The numbers and (see ) related to rectangular Cartesian coordinates and by the formulas:
where , . The coordinate lines are: concentric circles ( ) and rays ().
The system of polar coordinates is an orthogonal system. To each point in the -plane (except the point for which and is undefined, i.e. can be any number ) corresponds a pair of numbers and vice versa. The distance between a point and (the pole) is called the polar radius, and the angle is called the polar angle. The Lamé coefficients (scale factors) are:
The surface element is:
The fundamental operations of vector analysis are:
The numbers and related to Cartesian rectangular coordinates and by the formulas:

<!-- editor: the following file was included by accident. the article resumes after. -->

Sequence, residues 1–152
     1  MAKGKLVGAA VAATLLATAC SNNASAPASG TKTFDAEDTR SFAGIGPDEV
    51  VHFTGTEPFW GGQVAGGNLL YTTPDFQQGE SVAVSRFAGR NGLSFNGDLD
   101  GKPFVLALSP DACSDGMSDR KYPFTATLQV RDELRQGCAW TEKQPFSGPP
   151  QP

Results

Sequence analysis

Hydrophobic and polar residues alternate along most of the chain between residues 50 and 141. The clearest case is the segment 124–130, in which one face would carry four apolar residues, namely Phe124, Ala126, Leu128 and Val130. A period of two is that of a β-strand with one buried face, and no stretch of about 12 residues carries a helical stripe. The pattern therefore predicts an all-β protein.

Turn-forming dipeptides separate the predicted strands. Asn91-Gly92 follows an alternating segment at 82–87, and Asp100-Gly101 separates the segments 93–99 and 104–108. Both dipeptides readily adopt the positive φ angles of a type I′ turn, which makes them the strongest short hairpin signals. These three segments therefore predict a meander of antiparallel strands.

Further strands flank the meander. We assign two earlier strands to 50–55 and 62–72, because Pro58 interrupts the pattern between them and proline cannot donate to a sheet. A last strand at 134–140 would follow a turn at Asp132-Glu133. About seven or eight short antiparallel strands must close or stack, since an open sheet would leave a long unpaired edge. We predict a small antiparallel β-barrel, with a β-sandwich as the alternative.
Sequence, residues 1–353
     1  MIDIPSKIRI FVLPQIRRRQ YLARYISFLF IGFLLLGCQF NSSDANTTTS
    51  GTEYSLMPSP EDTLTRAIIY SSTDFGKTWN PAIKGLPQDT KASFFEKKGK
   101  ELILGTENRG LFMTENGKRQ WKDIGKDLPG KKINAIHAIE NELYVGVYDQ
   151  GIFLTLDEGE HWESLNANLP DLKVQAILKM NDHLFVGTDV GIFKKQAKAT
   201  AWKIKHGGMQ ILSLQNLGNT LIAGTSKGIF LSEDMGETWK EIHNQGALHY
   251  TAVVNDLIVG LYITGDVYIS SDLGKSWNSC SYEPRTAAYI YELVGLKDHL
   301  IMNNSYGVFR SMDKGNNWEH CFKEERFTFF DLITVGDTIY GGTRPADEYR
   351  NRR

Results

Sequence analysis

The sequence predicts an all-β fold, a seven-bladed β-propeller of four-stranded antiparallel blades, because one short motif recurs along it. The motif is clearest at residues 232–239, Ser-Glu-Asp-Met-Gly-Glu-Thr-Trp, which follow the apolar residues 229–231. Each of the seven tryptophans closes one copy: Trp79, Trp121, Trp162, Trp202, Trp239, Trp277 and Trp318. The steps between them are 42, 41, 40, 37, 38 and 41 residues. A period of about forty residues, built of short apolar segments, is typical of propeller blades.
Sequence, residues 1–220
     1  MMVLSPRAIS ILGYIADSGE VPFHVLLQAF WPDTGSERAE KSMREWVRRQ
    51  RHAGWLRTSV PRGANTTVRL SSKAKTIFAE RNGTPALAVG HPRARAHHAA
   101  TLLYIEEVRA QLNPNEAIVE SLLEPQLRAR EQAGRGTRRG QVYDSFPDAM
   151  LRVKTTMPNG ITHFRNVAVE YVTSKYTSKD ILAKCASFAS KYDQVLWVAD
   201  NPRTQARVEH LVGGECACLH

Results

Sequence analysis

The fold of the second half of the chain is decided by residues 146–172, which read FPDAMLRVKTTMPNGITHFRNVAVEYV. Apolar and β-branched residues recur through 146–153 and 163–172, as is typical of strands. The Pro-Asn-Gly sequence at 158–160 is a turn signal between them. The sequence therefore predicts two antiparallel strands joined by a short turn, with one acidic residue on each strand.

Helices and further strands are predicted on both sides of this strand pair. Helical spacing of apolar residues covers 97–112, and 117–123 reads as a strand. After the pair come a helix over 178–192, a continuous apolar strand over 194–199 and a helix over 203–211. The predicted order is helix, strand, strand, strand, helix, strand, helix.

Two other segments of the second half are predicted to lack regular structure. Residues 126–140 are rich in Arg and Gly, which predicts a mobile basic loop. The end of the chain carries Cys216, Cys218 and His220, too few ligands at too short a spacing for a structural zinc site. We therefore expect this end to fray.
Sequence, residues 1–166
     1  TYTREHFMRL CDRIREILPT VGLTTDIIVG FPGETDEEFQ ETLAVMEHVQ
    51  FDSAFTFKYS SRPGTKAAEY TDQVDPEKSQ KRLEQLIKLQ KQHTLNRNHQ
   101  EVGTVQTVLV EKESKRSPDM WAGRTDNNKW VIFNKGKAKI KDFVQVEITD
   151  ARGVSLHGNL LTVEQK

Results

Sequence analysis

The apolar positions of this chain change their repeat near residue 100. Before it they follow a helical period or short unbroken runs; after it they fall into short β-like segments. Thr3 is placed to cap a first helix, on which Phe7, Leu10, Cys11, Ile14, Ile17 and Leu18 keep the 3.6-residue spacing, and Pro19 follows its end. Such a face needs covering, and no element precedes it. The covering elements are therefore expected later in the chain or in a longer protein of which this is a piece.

where , , , , are called generalized polar coordinates. The coordinate lines are: ellipses () and rays ().
|||G.A. Korn, T.M. Korn, "Mathematical handbook for scientists and engineers" , McGraw-Hill (1961)|
The generalization of polar coordinates to 3 dimensions are the spherical coordinates.
By viewing a point as a complex number , the polar coordinates correspond to the representation of as .
See also Complex number.
|[a1]||H. Triebel, "Analysis and mathematical physics" , Reidel (1986) pp. 103|
|[a2]||K. Rektorys (ed.) , Applicable mathematics , Iliffe (1969) pp. 216|
Polar coordinates. D.D. Sokolov (originator), Encyclopedia of Mathematics. URL: http://www.encyclopediaofmath.org/index.php?title=Polar_coordinates&oldid=17546